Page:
Loyalty Programs Need to Get Aspirational When Travelers Are Stuck at Home

Loyalty Programs Need to Get Aspirational When Travelers Are Stuck at Home

SKIFT GLOBAL FORUM | SEPTEMBER 21-23 | ONLINE CONFERENCE | THE DECADE AHEAD: SAFEGUARDING TRAVEL’S FUTURE

Loyalty gurus discussed what travel companies need to do to solve a pain point: How can they engender loyalty when most travelers are immobile.

Speaking on a panel, “The Coming Shifts in Travel Loyalty Post-Crisis,” at the online Skift Global Forum Wednesday, Amy Weinberg, senior vice president of the World of Hyatt, said the loyalty program offers an always-on digital experience, Headspace, to address members’ needs outside the walls of a hotel.

Other panel members included  Danielle Brown, chief marketing officer of Points, who said aspirational purchases are booming on the platform, and Dan Frommer, founder of The New Consumer, who argued that loyalty programs need to get more fun and less transactional.  Skift Global Hospitality Reporter Cameron Sperance moderated the session.

Frommer of The New Consumer, a publication about the intersection of technology and how people spend their money, said loyalty programs often “are a real downer,” and need to get more fun, inclusive and community-minded instead of feeling like a class system.

During the current period, programs’ ability to be flexible becomes very important, Frommer said. He pointed to Chase, which added a Pay Yourself Back tool that includes credits for grocery purchases, for example.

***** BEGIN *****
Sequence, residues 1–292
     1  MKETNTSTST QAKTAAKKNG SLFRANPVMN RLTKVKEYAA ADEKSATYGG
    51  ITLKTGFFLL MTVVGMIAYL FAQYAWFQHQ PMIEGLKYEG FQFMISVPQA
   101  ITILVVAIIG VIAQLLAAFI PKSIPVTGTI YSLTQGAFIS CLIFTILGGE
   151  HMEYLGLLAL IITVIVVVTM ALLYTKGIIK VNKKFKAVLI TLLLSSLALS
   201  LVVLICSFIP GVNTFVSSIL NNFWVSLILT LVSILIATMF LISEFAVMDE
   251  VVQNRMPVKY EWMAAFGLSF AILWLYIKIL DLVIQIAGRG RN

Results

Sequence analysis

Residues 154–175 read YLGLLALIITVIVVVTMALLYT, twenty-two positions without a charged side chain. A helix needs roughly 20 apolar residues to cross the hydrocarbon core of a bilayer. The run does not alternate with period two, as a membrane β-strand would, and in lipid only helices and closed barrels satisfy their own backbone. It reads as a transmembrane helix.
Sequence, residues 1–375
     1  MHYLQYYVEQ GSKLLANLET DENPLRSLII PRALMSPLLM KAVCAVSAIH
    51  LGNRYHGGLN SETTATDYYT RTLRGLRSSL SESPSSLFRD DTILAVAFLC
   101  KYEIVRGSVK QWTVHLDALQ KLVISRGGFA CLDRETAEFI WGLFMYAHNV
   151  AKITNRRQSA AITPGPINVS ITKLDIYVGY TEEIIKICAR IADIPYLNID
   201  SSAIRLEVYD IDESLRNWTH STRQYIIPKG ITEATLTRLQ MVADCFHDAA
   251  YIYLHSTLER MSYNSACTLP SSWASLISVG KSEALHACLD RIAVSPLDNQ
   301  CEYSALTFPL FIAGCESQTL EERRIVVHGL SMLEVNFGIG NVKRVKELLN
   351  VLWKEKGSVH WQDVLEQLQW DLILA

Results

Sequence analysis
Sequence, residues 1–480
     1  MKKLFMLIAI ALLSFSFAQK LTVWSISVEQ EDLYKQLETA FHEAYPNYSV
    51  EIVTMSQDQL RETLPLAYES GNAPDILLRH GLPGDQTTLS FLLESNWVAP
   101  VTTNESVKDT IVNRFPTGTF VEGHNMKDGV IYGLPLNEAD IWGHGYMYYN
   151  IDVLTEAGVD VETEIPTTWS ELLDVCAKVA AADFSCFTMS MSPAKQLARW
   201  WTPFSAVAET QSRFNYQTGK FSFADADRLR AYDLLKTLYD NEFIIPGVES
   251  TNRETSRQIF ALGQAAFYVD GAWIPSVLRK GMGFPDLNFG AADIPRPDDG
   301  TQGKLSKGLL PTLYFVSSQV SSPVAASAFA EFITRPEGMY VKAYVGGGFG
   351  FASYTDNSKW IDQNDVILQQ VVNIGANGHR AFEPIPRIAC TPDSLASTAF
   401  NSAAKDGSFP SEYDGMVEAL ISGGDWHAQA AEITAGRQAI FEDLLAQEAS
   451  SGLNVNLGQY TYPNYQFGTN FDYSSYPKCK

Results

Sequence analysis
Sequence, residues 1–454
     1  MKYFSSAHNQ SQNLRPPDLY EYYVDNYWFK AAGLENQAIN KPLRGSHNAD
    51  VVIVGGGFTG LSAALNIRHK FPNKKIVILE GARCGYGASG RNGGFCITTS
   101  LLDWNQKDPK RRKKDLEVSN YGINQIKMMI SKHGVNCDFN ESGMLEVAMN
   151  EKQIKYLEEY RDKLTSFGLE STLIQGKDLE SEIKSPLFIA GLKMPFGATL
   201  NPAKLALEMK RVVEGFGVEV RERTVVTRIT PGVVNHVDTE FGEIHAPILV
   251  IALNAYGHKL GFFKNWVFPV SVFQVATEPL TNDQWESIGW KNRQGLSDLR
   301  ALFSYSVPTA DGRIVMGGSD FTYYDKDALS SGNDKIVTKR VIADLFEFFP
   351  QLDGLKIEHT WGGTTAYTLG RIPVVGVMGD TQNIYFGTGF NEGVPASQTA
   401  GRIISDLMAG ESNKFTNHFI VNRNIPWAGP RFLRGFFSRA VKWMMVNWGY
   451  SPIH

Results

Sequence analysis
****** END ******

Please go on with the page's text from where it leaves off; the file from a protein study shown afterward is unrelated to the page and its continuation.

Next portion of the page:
For airline and hotel loyalty programs, agility is “ridiculously important,” said Brown of Points.

Personalized offers gives loyalty program members something to be excited about, Frommer said, adding tongue in cheek that for the first time in a while he measures his self-worth by metrics other than his airline loyalty tier. He pointed to Starbucks and Chipotle as two retail programs doing interesting things with personalized offers.

Weinberg of Hyatt recalled that the chain introduced instantly confirmable upgrades in 2009 coming out of the financial crisis, and expects the loyalty program to continue to evolve during and post-pandemic.

For example, Work from Hyatt has generated “really good traction,” especially in warmer climates, she said.

Frommer challenged Hyatt and others to publish more content, explaining that he has a couple of favorite Hyatt properties in Japan but hasn’t heard anything from the chain about what he’s missing out on there when he can’t travel.

All seemed to agree that leisure travelers will become much more important to travel loyalty programs with business travel on a seemingly prolonged hiatus.

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